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Nieman Journalism Lab: Why the NYT was wrong to keep quiet about Rohde’s kidnap

Matthew Ingram believes the cover-up of David Rohde’s kidnap made ‘things harder not just for future kidnapping victims such as Rohde, but for newspapers and other mainstream media outlets as a whole.’

Ingram responds to criticism in the comments below the post.

Full post at this link…

Also see: NYTimes.com: ‘Keeping News of Kidnapping Off Wikipedia’

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Nieman Journalism Lab: Matthew Ingram on the WSJ’s social media policy

The Wall Street Journal’s rules of conduct were zipping around yesterday, inspiring comments from Jeff Jarvis, and others. Matthew Ingram, over at the Nieman Journalism Lab, agrees with Jarvis that the restrictions are too tight.

“Obviously, a newspaper doesn’t want to give away the store and tell everyone what stories it is working on, or tip its hand in a variety of other ways, and probably doesn’t want to go into detail about how certain stories emerged (especially if it was a fortuitous accident). But Jarvis is right that talking about stories that are under way can also have tremendous benefits,” Ingram writes.

Full post at this link…

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Matthew Ingram: ‘One person’s curation is another person’s scraping’

April 23rd, 2009 | No Comments | Posted by in Editors' pick, Online Journalism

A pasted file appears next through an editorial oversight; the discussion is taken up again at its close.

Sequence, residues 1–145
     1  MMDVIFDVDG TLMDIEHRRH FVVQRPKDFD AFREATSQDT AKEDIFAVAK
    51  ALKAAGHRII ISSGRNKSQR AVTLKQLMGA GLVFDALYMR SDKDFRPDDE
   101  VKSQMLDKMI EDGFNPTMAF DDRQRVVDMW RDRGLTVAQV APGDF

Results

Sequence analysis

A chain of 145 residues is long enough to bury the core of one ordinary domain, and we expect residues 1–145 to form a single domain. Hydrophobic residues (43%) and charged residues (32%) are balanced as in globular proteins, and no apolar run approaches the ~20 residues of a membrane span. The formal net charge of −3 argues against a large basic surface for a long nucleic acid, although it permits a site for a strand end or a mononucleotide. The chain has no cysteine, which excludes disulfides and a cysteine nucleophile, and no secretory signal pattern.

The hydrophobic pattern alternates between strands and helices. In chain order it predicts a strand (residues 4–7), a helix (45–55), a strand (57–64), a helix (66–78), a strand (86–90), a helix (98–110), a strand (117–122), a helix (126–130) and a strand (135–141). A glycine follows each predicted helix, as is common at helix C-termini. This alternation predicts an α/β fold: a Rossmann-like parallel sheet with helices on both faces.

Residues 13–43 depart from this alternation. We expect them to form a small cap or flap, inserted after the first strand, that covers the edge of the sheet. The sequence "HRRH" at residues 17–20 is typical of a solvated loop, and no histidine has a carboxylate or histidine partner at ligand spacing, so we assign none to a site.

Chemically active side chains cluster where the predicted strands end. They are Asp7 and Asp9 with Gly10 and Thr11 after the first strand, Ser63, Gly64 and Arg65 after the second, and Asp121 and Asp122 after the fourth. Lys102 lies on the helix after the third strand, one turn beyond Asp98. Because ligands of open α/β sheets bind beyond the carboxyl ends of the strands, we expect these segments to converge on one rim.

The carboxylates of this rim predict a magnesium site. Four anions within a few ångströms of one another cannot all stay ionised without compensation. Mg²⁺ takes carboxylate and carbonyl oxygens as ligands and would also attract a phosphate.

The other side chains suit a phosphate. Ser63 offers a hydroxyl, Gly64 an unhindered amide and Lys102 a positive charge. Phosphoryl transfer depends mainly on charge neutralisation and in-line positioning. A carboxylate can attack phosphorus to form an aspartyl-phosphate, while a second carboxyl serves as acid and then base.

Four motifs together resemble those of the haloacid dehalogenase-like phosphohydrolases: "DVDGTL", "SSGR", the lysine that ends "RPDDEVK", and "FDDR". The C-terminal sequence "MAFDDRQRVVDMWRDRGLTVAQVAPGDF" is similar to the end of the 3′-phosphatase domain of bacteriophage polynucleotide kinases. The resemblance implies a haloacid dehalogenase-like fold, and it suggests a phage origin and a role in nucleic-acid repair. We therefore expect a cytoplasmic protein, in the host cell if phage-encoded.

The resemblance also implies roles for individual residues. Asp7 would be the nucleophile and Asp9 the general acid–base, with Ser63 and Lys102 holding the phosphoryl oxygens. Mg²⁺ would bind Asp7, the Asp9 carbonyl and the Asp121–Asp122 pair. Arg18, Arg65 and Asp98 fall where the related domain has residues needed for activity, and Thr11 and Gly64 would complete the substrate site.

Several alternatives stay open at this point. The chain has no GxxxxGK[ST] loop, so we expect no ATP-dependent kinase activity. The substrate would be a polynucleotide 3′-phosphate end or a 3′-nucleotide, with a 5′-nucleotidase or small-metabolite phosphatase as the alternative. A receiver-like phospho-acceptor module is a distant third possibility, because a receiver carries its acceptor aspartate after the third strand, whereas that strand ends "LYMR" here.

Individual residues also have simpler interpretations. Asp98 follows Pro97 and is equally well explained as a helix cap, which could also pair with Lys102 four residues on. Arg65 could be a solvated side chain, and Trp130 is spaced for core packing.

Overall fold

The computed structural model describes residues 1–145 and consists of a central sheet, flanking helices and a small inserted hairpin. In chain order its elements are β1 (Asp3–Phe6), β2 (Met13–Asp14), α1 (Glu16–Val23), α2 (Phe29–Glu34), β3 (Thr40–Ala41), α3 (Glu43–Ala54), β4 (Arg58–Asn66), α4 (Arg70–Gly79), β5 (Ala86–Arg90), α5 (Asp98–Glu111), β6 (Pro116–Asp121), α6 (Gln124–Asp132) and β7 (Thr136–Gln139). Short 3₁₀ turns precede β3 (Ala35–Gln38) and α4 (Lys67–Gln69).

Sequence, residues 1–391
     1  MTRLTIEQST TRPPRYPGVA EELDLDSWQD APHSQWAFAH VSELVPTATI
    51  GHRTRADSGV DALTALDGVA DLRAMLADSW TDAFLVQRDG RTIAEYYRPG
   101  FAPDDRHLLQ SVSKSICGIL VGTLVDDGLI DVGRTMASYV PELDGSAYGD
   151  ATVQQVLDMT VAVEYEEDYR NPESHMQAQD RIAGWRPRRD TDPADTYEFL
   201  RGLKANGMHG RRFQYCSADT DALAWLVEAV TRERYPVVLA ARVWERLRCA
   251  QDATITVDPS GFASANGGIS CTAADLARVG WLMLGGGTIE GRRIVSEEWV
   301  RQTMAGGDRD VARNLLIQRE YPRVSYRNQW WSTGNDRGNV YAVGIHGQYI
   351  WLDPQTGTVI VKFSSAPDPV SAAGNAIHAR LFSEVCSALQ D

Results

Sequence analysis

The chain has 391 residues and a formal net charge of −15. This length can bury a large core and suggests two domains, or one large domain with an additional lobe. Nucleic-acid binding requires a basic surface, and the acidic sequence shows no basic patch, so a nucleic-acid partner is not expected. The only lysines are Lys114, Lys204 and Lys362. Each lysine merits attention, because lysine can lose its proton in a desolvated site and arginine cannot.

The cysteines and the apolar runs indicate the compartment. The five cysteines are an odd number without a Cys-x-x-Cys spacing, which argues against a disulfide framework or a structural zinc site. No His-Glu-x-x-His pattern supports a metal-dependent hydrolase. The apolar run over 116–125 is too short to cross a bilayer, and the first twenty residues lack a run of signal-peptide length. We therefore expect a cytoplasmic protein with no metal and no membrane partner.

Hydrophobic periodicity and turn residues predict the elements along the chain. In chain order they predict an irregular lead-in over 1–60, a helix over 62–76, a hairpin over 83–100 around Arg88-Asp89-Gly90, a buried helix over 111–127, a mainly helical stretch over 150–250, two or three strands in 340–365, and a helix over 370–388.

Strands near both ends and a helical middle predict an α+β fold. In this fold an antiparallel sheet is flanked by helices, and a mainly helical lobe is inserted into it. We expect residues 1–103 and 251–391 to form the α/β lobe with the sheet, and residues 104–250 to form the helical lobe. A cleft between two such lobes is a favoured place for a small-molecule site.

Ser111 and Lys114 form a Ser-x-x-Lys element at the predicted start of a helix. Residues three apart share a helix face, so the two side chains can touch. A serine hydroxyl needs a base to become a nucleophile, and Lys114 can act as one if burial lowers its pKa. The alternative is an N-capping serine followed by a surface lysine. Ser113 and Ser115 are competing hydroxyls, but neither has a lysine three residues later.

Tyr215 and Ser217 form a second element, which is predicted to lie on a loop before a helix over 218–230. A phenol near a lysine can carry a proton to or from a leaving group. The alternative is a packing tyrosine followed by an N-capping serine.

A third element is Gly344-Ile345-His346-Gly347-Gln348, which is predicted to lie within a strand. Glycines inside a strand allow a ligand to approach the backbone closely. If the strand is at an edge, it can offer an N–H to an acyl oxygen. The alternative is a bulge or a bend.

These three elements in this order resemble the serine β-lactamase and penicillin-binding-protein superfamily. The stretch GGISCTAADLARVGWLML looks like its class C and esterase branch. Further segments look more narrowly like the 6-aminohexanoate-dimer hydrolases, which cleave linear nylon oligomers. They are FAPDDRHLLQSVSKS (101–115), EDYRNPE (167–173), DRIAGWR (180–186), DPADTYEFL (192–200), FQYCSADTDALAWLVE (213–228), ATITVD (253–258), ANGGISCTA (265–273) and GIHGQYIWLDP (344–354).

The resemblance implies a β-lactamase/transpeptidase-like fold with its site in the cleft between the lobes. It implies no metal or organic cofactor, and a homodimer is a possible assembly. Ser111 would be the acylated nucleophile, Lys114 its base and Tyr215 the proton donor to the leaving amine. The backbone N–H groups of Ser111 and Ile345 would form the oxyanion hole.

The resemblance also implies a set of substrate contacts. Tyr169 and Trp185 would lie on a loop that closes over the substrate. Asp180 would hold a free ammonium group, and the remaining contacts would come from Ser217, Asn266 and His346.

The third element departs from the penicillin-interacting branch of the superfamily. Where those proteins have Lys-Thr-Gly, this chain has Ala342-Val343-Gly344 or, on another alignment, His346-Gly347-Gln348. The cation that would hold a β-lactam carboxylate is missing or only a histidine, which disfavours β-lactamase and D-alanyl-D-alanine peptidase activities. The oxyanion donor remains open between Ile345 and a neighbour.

Matthew Ingram examines the problems of paid-for aggregation for the Nieman Journalism Lab, using All Things Digital as a specific example.

“Curation has become a popular term in media circles, in the sense of a human editor who filters and selects content, and then packages it and delivers it to readers in some way. Many people (including me) believe that, in an era when information sources are exploding online, aggregation and curation of some kind is about the only service left that people might be willing to pay for.”

Full story at this link…

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Twitter workshop for journalists shared – courtesy of Globe & Mail’s Matthew Ingram

That’s the spirit! The slides from a Twitter workshop for journalists are shared online at this link, and also embedded below.

Matthew Ingram, communities editor at the Toronto-based Globe and Mail newspaper, ran a training session for his colleagues recently on how to get the most out of Twitter. He writes on his blog:

“I tried to make a number of points in the workshop, among them that Twitter is extremely simple to use (so why not give it a shot); that yes, it has a silly name, but that doesn’t mean it can’t be useful or valuable (Google had a silly name at one point too); that it is a great way of a) reaching out to and connecting with users, b) promoting our stories and c) finding sources for stories (otherwise known as ‘real people’); and that there are a number of tools that can make it even more useful (Tweetdeck, etc.).”

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Guardian’s Open Platform – some thoughts from the blogs

Not everyone is shouting from the rooftops about the Guardian’s release of content through an API, but on the whole the blog posts have been positive about the Open Platform launch:

Any other good posts or thoughts you’ve spotted?